Reply to  The Badger
April 30, 2017 7:57 am

What is the experiment that shows this? Assertions without references are just opinion.

Michael Moon
Reply to  mark4asp
April 30, 2017 8:07 am

It is called, The Second Law of Thermodynamics, and if there is one thing we know with dead certainty, this is it.

The Badger
Reply to  mark4asp
April 30, 2017 8:26 am

Mark – I wish I had known of the phrase “Assertions without references are just opinions” much earlier in my life but I fear I would have gotten even more school detentions than usual. It would indeed be good to see some experimental evidence of radiative heat transfer between hot and cold things being only in one direction. I am looking for it on t’internet right now but suspect the older books in the library may be more helpful. Anyone else got a link/reference ?
I just take it as fundamentally given basic physics as taught to me and seen taught to others over many decades that although everything emits EM based on how hot it is the heat can only flow in one direction, hot to cold. It it ever went the other way it would be trivial to construct a perpetual motion/free energy machine with a few thermo-electic generator cells, wires, resistor, battery,etc.

Reply to  mark4asp
April 30, 2017 9:44 am

The 2nd law of thermodynamics is a statistical thing. Stefan-Boltzmann law can explain why – statistically – heat moves from hotter to cooler. https://en.wikipedia.org/wiki/Stefan%E2%80%93Boltzmann_law It does not say that every photon knows where to go. A blackbody radiating LWIR at the surface continues net emission of LWIR. All that the OP proposes is that some LWIR can be absorbed – if it’s heading in the right direction.

Reply to  mark4asp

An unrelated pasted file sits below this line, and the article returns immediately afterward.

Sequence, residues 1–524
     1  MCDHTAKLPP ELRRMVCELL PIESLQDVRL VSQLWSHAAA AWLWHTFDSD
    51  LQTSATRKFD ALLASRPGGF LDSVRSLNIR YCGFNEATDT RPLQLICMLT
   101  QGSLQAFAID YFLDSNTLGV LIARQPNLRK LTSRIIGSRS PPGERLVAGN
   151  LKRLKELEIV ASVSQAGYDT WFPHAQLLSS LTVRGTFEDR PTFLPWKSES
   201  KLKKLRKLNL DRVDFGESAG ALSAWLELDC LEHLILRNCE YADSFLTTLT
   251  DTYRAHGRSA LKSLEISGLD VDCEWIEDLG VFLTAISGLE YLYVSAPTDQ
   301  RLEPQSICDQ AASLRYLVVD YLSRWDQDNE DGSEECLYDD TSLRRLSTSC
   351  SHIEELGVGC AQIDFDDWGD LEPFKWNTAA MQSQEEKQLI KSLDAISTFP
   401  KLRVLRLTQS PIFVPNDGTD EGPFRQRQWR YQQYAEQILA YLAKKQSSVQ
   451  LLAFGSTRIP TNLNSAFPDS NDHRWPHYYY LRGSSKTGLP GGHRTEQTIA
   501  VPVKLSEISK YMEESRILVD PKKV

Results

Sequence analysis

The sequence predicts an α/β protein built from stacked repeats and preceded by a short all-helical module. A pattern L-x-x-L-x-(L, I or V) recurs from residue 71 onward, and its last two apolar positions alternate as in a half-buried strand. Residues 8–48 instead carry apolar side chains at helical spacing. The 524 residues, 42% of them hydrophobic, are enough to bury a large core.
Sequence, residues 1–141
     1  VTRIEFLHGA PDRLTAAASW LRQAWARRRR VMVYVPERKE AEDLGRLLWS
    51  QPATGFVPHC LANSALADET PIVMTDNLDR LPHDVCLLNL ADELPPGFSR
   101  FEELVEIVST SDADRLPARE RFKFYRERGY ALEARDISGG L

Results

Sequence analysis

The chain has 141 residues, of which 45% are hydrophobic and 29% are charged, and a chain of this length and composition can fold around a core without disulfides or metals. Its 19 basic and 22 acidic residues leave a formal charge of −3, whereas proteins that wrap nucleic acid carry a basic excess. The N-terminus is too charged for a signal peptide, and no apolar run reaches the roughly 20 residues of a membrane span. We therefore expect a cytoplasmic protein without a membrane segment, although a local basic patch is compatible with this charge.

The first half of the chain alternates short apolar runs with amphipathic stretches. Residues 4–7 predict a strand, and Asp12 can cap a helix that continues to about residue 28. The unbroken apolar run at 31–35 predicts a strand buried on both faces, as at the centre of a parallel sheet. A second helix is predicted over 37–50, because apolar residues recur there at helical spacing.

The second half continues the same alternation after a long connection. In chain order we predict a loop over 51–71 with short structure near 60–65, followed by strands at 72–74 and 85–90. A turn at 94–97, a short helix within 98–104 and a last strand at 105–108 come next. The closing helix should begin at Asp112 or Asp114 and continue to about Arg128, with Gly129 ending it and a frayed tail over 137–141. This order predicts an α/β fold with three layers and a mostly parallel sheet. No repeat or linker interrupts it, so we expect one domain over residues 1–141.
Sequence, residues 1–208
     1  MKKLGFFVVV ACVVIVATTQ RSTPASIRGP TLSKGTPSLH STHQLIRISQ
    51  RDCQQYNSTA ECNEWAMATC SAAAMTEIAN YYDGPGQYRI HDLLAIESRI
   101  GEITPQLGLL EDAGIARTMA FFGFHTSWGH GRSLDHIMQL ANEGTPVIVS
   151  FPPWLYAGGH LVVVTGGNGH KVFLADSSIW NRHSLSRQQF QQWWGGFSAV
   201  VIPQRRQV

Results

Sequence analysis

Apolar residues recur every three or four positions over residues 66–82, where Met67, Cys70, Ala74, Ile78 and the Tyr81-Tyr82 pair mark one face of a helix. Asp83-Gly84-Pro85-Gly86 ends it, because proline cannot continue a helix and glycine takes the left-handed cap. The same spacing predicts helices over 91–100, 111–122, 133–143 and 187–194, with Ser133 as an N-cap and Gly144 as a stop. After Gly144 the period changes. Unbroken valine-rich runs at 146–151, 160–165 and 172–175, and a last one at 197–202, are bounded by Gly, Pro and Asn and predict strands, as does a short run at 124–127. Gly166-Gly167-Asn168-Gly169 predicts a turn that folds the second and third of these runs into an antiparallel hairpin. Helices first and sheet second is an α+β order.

April 30, 2017 8:08 pm

The Badger: 1. I am only talking about radiation.
That is a mistake. You ought to stop right there.

Frank
Reply to  mark4asp
April 30, 2017 8:32 pm

Anyone looking for references showing that photons (radiant energy) can travel from cold to hot can find a half dozen at: https://scienceofdoom.com/2010/10/07/amazing-things-we-find-in-textbooks-the-real-second-law-of-thermodynamics/
Individual molecules have kinetic energy, but not a temperature – so they are neither hot or cold. Therefore, the 2LoT doesn’t constrain the behavior of individual molecules and photons. Collisions change the kinetic energy of individual molecules millions of times per second. A Boltzmann distribution of molecular speed wouldn’t exist if collisions transferred energy only from faster-moving to slower-moving molecules.
To address this problem, thermodynamic temperature is defined as being proportional to the MEAN kinetic energy of a large GROUP of rapidly colliding molecules. The temperature of such a group is doesn’t change erratically millions of times every second. Heat is defined as the NET flux of energy (including radiation) between two groups of rapidly colliding molecules. It always blows from hot to cold. Temperature, heat and thermodynamics are concepts applied to the macroscopic world.
The KT energy balance diagram shows the fluxes of energy between the surface, atmosphere, sun, and space – not the net flux of energy – heat. If you calculate the net fluxes, they are always from hot to cold.
An individual molecule has no way of “knowing” the mean kinetic energy of its neighbors. A photon carries no “information” about the molecule that emitted it. Any molecule a photon encounters has no way of knowing the local temperature and deciding whether to absorb or scatter an incoming photon.